Poor managers increase risk of illness for staff

Poor management and leadership can not only increase the amount of sick leave employees take from work, but also the risk of sickness among employees later on in life, a Swedish study has ­concluded.


The longer a person has had a ‘poorer’ manager, the higher his or her risk, for example, of suffering a heart attack within a 10-year period, the research from Stockholm’s Karolinska Institutet has suggested.


The research looked at almost 20,000 employees in Sweden, Finland, Germany, Poland and Italy, working in a range of industries. It compared levels of self-rated stress, health, sick leave and emotional exhaustion with how subjects perceived their managers’ leadership.


The researchers also looked at the effects of managerial leadership in relation to whether employees changed jobs, quit because of poor health, or became unemployed.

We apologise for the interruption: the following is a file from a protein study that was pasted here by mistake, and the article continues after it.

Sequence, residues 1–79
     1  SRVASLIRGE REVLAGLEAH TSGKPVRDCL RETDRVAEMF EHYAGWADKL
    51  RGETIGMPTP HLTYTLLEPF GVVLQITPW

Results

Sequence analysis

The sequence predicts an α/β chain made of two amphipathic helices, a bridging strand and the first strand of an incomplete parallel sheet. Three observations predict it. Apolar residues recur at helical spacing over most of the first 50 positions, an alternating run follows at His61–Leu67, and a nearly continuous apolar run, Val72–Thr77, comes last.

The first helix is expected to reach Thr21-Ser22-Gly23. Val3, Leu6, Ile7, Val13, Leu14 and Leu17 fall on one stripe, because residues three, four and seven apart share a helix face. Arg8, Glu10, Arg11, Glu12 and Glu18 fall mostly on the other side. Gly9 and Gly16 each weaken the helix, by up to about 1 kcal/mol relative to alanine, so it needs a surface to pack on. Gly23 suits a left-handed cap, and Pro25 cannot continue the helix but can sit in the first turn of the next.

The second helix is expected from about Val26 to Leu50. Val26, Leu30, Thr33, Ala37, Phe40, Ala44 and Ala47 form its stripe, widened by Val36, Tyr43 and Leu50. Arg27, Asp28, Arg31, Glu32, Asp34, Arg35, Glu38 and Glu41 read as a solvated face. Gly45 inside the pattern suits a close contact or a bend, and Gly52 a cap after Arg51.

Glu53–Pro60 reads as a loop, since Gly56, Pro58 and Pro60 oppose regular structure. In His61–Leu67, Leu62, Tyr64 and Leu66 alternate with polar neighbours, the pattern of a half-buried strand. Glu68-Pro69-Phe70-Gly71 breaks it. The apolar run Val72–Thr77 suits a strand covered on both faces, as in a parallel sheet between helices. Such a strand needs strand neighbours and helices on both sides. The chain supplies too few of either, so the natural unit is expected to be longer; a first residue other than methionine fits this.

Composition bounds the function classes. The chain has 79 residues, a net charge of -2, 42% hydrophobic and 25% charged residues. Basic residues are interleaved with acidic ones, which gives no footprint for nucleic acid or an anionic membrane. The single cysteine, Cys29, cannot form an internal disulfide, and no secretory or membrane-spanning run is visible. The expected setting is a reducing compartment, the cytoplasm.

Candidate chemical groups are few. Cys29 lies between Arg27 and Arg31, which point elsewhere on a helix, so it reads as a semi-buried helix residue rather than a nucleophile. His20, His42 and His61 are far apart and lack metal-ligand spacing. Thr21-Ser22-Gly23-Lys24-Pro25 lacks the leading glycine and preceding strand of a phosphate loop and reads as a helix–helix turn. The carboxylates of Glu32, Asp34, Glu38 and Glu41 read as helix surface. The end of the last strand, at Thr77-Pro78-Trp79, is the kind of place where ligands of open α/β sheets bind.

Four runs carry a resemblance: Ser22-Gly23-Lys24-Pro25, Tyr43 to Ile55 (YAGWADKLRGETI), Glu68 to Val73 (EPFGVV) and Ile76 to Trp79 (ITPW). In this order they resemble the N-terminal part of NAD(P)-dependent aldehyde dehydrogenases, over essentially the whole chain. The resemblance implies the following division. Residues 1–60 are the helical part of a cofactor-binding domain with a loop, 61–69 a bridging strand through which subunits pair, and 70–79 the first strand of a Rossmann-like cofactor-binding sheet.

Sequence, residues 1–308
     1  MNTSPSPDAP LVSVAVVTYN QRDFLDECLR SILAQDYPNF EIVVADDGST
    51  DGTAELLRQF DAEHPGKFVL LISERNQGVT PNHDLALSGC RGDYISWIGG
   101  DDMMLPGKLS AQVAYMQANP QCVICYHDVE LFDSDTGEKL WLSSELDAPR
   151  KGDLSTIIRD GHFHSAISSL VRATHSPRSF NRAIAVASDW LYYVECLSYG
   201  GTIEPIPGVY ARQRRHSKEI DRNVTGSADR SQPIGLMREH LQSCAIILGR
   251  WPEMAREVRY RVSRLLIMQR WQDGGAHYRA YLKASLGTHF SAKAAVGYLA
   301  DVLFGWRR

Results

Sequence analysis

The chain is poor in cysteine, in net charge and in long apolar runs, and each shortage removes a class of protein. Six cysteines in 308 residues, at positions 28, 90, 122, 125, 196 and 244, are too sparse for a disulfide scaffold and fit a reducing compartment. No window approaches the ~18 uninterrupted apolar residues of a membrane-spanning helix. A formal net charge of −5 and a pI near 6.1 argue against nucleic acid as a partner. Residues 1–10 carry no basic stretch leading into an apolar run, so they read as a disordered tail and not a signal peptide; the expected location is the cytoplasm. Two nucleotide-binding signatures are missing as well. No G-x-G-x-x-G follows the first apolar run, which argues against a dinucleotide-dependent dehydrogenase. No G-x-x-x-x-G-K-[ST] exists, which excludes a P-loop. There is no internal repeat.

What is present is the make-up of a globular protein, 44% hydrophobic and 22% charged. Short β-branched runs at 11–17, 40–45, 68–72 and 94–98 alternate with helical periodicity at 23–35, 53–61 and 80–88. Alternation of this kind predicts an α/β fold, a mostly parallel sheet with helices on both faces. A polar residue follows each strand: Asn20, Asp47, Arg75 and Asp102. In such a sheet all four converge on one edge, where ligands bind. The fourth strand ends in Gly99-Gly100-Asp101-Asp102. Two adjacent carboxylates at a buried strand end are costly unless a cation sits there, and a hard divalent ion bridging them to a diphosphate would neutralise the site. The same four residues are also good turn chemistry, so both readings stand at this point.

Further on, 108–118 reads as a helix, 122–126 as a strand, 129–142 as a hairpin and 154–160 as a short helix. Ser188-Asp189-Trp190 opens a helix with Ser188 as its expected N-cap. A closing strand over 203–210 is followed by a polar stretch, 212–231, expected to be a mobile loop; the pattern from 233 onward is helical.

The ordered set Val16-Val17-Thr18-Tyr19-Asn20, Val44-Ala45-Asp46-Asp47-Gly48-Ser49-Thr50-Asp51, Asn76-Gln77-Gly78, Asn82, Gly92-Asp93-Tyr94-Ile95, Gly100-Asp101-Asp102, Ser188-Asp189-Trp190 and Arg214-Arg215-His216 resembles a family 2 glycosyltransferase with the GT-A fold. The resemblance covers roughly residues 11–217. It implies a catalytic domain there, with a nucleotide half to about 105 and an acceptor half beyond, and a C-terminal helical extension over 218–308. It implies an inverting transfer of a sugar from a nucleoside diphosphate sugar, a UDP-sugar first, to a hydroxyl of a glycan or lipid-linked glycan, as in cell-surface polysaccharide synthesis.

Male residents of the Stockholm area ran a 25% greater risk of suffering myocardial infarction during the 10-year follow-up period if they had expressed displeasure with their managers at the start of the study, the study found.


Moreover, the level of risk increased more sharply with the duration of employment for subjects who reported ‘poorer’ leadership.

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